Gull Lake residents mourn drowning victim
|By Lisa Gervais - Editor | September 13, 2018
A big white teddy bear sits at the gate of the University of Toronto’s Survey Camp on Deep Bay Road in Minden - site of the drowning death of an 18-year-old Mississauga teen Sept. 4.
Resident Richard Bradley said he put it there because he cares. It’s his thing. He put a large bear at the Toronto van attack memorial and two smaller bears at the lights near the Minden ValuMart where Terrence Bradley was killed last Christmas eve. This time around, he said, “I put it there to show the family of Anand Baiju, those classmates and first response workers that tried to save him, the camp staff, the University of Toronto Engineering Faculty, which my father graduated from, the entire U of T community, and our Minden Hills community that I care about them, share their pain, grieve with them and offer up the bear for anyone that needs that big teddy bear hug,” Bradley told The Highlander this week.
“Even though Anand may have only been here for an hour or two, for that time he was a part of the Minden community. He died here and he will be remembered and mourned here,” Bradley said.
Minden Hills Coun. Pam Sayne, who represents the area, told The Highlander, the university site is a “generous neighbour hosting many Gull Lake resident events. We can only provide condolences of this very saddening occurrence.”
Haliburton Highlands OPP detachment commander Liane Spong-Hooyenga said officers responded to a call for help at 4:45 p.m. last Tuesday.
“An 18-year-old male from the Mississauga area had been pulled from the water … EMS was also on scene and efforts were made to resuscitate the victim. The male party was transported to the Haliburton Highlands Health Services Hospital in Minden where he was later pronounced deceased. “The male party had been with a group from the University of Toronto who were staying at the camp. He had become separated from a group in and around the water,” she said. The U of T website issued a statement saying the university community is mourning the loss.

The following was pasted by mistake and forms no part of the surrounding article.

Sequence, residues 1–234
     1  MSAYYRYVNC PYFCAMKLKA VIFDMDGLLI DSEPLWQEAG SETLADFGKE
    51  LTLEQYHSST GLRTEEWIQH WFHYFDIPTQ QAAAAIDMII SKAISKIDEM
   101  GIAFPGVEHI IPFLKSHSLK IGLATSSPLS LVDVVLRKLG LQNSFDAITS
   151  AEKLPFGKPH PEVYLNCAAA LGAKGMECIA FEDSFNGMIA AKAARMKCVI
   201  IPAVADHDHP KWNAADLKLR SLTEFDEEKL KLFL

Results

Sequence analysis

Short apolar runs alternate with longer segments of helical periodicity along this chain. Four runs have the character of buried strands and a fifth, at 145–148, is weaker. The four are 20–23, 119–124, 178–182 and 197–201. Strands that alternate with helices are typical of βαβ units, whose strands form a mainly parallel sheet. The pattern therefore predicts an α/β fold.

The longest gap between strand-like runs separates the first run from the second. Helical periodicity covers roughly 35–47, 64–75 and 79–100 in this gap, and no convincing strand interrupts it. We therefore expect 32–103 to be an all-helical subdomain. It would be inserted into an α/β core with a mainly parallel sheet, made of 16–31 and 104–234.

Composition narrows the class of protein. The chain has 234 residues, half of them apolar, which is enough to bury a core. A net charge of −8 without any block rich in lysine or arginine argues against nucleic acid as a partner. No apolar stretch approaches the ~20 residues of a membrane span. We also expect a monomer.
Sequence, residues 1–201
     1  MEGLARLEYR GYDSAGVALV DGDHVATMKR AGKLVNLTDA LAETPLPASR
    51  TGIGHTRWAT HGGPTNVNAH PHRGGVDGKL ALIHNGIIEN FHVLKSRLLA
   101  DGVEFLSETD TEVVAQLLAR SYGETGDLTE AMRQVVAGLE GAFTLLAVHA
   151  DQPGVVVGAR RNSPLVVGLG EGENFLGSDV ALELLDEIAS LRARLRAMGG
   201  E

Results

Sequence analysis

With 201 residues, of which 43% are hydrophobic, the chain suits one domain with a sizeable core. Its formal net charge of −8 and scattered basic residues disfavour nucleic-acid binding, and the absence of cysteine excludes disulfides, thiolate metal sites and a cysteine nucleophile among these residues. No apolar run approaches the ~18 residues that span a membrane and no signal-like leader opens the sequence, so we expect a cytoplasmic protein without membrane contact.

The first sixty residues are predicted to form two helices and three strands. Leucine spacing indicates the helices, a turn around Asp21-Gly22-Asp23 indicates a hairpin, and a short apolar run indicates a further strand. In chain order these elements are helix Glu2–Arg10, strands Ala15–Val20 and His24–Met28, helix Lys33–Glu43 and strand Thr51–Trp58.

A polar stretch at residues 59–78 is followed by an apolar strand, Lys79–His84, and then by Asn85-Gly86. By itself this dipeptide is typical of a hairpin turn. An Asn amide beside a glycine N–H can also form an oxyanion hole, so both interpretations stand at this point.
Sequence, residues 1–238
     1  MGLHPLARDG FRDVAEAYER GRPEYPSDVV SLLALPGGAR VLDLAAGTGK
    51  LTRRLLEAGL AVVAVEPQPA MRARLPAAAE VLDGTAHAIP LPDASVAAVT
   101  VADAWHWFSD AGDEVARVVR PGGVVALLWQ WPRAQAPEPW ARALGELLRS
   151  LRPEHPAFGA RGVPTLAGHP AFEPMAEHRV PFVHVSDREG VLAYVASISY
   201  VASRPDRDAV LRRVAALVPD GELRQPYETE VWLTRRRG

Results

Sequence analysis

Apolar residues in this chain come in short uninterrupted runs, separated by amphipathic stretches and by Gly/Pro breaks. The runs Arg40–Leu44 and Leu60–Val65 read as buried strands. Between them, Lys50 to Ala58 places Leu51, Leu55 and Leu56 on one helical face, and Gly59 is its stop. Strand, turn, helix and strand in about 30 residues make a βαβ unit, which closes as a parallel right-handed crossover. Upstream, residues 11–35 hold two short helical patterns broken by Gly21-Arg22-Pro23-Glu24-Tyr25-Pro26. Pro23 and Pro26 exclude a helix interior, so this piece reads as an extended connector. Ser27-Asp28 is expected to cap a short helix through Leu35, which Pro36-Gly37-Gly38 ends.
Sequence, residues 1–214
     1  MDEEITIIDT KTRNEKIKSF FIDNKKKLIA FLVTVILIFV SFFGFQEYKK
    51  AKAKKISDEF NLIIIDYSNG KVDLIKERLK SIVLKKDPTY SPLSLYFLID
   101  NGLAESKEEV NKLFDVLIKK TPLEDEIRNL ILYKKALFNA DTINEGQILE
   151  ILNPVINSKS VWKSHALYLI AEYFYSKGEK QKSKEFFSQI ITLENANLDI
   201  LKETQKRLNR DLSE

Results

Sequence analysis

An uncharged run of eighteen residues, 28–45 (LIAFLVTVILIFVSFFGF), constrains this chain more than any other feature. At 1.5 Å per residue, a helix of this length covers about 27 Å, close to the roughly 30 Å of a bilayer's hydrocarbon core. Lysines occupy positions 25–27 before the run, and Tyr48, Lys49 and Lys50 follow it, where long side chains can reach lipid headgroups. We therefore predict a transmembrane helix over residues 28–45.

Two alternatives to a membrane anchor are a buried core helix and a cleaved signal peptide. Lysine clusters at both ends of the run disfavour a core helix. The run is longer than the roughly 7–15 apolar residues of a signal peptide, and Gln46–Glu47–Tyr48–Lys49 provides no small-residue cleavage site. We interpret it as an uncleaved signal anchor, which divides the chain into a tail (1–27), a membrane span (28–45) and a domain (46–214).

The site said the student was part of a group taking part in an engineering course. The week’s programming at the camp was subsequently cancelled, Cristina Amon, dean of the Faculty of Applied Science and Engineering said in the statement.
“Our attention must be with those affected by this terrible tragedy,” she said in a message to engineering students, faculty and staff. “The thoughts of our entire community are with the family and friends of the student who died.”
The U of T bought the 175-acre property on Gull Lake in 1919 as a site for engineering students to learn surveying and project management. Today, it’s used to teach and surveying, integrated water system and geology. Baiju’s family and friends launched a GoFundMe campaign to raise money for his funeral.
“He was a great son, brother, friend, and moreover, a wonderful personality. “To his parents, he was the only hope for them and dedicated their whole life for his studies. Please help and support Mr. and Mrs. Baiju at this tough time,” the site reads. It raised $27,423, surpassing its $20,000 goal.
LISA GERVAIS is the editor for The Highlander.